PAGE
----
Stanford University Students Stage Traffic Stopping Protest Atop San Mateo-Hayward Bridge


Over 100 Stanford University students and members of the community staged a “Reclaim MLK” rally and effectively shut down traffic for more than an hour on the San Mateo-Hayward Bridge early Monday evening to support the national demands made by Ferguson Action.

The protest was organized by a group of Stanford students who have formed Silicon Shutdown, an organization working hard to “organize in West Palo Alto, East Palo Alto and the Silicon Valley against state-sanctioned violence (police brutality) and other forms of systematic oppression,” as is stated on their website.

Protest organizers said in their public statement, “This [action] is in defense of ALL black lives. We stand with Black men and women. We at when Black Queer and Trans lives are threatened. We defend the rights of our Black family when we are poor, disabled and incarcerated.” This is also part of  the Ferguson Action national pledge.

“I realized that it was time to put my body on the line and use my privilege as a Stanford student to elevate the issues of Black Lives Matter,” said Kristian Davis Bailey when asked what the motivation behind participation was.

Protesters took to the bridge at 4:50 p.m. by car initially as they were dropped off on the westbound lane since there isn’t access to that portion of the bridge on foot. Participants quickly spread out and covered both east and westbound lanes within minutes of arriving, shutting down traffic until the California Highway Patrol arrived.

The goal was to shut the San Mateo-Hayward Bridge down for a full 28 minutes to drive their message and pressence home. They wanted those on the bridge to witness the symbolic significance of those 28 minutes as they stood as living reminders of all the Black men, women and children who are reportedly killed every 28 hours by police officers.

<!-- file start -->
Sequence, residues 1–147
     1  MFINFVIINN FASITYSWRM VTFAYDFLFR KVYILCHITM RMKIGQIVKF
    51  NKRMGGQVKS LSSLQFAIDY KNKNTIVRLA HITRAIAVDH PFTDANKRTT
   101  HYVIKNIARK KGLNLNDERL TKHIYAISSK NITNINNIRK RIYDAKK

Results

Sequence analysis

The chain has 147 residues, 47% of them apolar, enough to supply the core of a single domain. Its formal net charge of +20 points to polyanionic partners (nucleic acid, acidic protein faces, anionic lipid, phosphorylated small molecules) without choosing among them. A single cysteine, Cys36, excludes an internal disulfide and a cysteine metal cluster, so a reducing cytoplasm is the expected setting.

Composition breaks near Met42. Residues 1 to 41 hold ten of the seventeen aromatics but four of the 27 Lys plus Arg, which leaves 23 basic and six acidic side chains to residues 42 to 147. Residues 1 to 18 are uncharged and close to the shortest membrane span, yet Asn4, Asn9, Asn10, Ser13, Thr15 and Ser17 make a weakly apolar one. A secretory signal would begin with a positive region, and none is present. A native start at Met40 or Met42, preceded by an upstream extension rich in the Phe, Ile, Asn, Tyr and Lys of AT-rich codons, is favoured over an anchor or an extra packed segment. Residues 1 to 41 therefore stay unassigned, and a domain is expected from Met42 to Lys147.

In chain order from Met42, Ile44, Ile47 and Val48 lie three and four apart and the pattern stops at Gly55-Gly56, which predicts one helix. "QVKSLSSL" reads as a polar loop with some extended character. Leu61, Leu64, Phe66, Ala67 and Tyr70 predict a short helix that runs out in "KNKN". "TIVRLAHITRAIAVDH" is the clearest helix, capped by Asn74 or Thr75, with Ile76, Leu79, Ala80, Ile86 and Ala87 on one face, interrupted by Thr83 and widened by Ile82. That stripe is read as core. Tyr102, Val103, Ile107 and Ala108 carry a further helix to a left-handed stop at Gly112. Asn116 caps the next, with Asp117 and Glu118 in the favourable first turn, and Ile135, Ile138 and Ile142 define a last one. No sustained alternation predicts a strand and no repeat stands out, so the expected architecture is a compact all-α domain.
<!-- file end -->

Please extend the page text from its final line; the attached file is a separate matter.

“We chose to inconvenience the weekend commute because the status quo is deadly to the black and brown peoples of this country and can no longer be tolerated,” read a statement posted by participating Stanford student, Maria Diaz.

The protest was peaceful as participants joined together to stand for those that are no longer able to. Some students raised banners and signs decrying the injustices inflicted upon black communities. While others held flags to show that the voices of the Palestinian and Mexican communities who have been subjected to violence at state and federal levels were not going unheard.

Bailey also made a public statement, which said “Combating the triplets of racism, militarism and materialism was one of the biggest legacies King left us. We proudly carry the Palestinian flag as we call on Stanford to divest from human rights violations in the occupation and related state violence in the U.S. The recent trip of Black Lives Matter and Ferguson representatives to Palestine signifies these movements are coming together on a global scale.”

Officers on the scene gave the protesters a brief period to leave, but only 32 of the 100 participants present opted to do so. The remaining 68 protesters were then arrested and held on the side of the bridge as the CHP reopened the blocked lanes and began towing any cars left unattended by protesters. Even being handcuffed couldn’t stop participants from raising their voices against injustice as they peacefully chanted while awaiting further action from the CHP.

Officers eventually released 57 of the detained protesters, but of the remaining 11 protesters were taken to the San Mateo County Jail to be charged with disobeying a lawful order of a peace officer and obstructing the free movement of others,” according to CHP Officer Daniel Hill.

Stanford University spokeswoman Lisa Lapin, had this to say to The Daily, “We respect our students’ right to express themselves in peaceful protest. But we expect them to understand the consequences of protests that violate the law or the rights of others.”

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